BGSU's Hank Blumenthal finds himself ‘In the Soup’ once again

Sundance prize-winning film he produced born again at Tribeca festival

Hank-Blumenthal-In-the-Soup
At the Tribeca Film Festival, Hank Blumenthal celebrates with “In the Soup” actors Steve Buscemi and Jennifer Beals.

By Bonnie Blankinship

"In the Soup" might be the best movie you've never heard of — unless you were lucky enough to attend this year's Tribeca Film Festival in New York, or were at the Sundance Film Festival back in 1992, where it won the Grand Jury Prize, beating out Quentin Tarantino's cult classic "Reservoir Dogs."

But after its promising début and theatrical release, "In the Soup" pretty much disappeared for 25 years, due to problems with the distribution licensing and its financial backers. Except for frequent showings on the Bravo channel for about five years after its release, it has not been seen since, said producer Dr. Hank Blumenthal, now a Bowling Green State University assistant professor of visual communication technology.

Until this spring, when it was chosen as one of only three films for the Retrospective portion of the Tribeca program (often handpicked by Martin Scorsese), along with "Schindler's List" and "Scarface."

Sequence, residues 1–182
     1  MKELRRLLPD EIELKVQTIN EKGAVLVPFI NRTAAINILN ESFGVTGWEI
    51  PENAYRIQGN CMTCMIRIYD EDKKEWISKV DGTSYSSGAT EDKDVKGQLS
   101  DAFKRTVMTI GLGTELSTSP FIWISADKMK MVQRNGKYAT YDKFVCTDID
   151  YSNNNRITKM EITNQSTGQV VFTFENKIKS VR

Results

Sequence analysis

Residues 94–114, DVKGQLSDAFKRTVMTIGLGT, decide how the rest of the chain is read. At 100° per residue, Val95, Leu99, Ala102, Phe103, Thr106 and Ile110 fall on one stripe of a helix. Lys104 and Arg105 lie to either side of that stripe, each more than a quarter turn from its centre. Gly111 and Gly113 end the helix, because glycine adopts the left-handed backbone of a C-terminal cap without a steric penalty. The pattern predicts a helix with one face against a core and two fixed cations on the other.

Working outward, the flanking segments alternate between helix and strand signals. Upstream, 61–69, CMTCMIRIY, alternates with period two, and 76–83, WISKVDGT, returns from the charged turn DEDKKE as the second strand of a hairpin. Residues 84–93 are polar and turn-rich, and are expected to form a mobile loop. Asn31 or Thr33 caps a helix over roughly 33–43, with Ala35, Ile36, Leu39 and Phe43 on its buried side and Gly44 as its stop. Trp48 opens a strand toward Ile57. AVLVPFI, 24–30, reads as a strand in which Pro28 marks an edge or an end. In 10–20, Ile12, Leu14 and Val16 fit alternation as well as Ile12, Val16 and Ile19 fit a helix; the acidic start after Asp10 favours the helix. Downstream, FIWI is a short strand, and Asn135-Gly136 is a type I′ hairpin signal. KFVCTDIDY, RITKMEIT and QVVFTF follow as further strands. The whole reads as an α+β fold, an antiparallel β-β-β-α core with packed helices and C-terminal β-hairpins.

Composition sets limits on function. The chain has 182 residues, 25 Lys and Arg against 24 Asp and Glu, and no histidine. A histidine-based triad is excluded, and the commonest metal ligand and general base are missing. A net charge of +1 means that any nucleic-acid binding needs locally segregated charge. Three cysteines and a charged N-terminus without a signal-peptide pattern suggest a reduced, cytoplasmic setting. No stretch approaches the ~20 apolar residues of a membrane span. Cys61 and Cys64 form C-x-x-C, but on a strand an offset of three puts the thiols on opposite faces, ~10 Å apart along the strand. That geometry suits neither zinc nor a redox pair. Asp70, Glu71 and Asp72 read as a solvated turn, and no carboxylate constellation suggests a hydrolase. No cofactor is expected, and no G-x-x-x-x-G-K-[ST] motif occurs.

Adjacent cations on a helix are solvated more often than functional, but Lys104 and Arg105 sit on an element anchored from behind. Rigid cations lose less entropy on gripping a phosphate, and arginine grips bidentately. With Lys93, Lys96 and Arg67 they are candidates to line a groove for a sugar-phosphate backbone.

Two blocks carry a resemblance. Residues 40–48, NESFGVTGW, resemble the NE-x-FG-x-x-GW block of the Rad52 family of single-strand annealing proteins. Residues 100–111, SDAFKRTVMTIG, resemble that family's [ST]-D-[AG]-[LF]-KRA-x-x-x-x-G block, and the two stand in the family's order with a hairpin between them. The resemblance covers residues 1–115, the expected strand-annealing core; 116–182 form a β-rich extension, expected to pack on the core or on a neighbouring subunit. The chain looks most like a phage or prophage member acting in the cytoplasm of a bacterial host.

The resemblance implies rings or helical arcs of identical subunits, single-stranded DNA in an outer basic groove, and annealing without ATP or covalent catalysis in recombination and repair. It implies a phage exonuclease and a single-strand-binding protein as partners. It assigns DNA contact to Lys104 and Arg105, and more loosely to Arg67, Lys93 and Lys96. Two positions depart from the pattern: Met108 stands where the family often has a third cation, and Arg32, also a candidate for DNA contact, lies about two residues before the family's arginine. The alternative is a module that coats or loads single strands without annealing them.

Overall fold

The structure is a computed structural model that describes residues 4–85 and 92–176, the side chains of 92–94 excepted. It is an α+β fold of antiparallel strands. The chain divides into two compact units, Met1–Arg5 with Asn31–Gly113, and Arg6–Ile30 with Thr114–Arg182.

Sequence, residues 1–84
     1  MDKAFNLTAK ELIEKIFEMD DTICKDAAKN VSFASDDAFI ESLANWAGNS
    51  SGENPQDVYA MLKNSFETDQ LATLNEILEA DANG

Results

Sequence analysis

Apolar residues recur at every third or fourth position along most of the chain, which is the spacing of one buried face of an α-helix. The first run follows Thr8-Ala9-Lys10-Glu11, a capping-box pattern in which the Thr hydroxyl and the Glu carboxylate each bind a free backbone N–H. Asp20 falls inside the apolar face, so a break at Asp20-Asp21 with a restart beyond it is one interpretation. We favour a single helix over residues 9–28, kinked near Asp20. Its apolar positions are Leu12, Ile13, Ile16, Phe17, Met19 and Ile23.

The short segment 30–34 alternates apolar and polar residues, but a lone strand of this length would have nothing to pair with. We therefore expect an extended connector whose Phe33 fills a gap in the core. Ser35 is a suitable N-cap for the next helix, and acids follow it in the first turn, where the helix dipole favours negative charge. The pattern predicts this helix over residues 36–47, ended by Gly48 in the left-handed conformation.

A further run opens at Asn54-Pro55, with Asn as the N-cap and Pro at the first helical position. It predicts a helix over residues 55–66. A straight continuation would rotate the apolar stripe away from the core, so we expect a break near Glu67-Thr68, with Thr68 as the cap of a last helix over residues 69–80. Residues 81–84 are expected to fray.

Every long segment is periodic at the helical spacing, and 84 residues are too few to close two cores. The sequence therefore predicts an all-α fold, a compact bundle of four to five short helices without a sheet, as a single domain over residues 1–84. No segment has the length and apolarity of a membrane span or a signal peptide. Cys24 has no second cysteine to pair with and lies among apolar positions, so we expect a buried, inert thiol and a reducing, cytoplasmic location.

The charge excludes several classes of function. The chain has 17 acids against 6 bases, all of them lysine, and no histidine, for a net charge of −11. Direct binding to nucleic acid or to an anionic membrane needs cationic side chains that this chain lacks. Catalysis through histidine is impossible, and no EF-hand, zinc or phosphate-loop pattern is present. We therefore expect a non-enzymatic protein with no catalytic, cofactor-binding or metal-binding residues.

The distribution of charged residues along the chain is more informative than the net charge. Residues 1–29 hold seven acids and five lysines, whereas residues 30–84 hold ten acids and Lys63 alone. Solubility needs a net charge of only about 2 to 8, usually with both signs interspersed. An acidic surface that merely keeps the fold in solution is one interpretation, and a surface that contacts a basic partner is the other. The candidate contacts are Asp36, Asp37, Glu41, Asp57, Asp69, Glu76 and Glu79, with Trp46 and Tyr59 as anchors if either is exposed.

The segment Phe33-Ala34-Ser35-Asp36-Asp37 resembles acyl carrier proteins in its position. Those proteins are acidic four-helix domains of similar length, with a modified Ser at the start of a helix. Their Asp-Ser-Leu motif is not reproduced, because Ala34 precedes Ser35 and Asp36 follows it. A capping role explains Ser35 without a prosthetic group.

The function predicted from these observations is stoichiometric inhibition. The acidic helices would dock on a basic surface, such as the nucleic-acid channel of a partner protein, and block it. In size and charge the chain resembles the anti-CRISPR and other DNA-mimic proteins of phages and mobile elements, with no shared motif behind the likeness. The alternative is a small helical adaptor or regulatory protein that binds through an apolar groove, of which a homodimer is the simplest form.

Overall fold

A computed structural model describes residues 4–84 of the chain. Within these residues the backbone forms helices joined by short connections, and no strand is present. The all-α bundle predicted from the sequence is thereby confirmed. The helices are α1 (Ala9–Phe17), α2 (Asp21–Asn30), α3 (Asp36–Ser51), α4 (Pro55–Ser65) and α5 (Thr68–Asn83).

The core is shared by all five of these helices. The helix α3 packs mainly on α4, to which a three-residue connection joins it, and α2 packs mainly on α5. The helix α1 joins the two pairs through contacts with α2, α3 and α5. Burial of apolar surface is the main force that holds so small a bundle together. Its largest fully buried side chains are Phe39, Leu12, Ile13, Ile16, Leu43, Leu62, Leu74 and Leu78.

Once again, the indie movie received critical acclaim, appearing in numerous "best of" lists put together by critics to help guide viewers through the 101 films on the festival program. Director Alexandre Rockwell's quirky autobiographical comedy was called an "indie gem" and "indie classic" by reviewers from the New York Times, Filmmaker, WBGO and others, who celebrated the chance to see it again.

This is all great news for Blumenthal and for Rockwell, who launched a Kickstarter campaign to create a restored print of the film, of which only one, damaged archival copy had survived. Now the film has a second chance at success with a new theatrical release and can be sold to a cable channel such as HBO, or even Netflix or Amazon.

"So, fingers crossed," Blumenthal said.

He was in New York in April for the movie's long-awaited revival with Rockwell and cast members Steve Buscemi, Jennifer Beals, Sam Rockwell (2018 Best Supporting Actor Academy Award-winner for "Three Billboards Outside Ebbing, Missouri") and cinematographer Phil Parmet, who participated in an on-stage question and answer session after the screening. The all-star cast also included the inimitable Seymour Cassel, Will Patton, Jim Jarmusch, Carol Kane and Stanley Tucci. Blumenthal even made a cameo appearance, selling stolen stuffed elephants off the back of a truck.

"It was the funniest thing, watching the movie again," Blumenthal said. "I saw it got laughs and the same responses in exactly the same spots as it did 25 years ago."

"In the Soup" stars Buscemi as Adolpho Rollo, an aspiring screenwriter determined to get his script produced. In desperation, he places a newspaper ad seeking financial backing, which is answered by a flamboyant con man, Joe, played by Cassel. Joe has grand plans for acquiring the money, which drag the unwitting Adolpho into a life of crime. Adolpho is also struggling with unrequited love for his neighbor, played by Beals of "Flashdance" fame.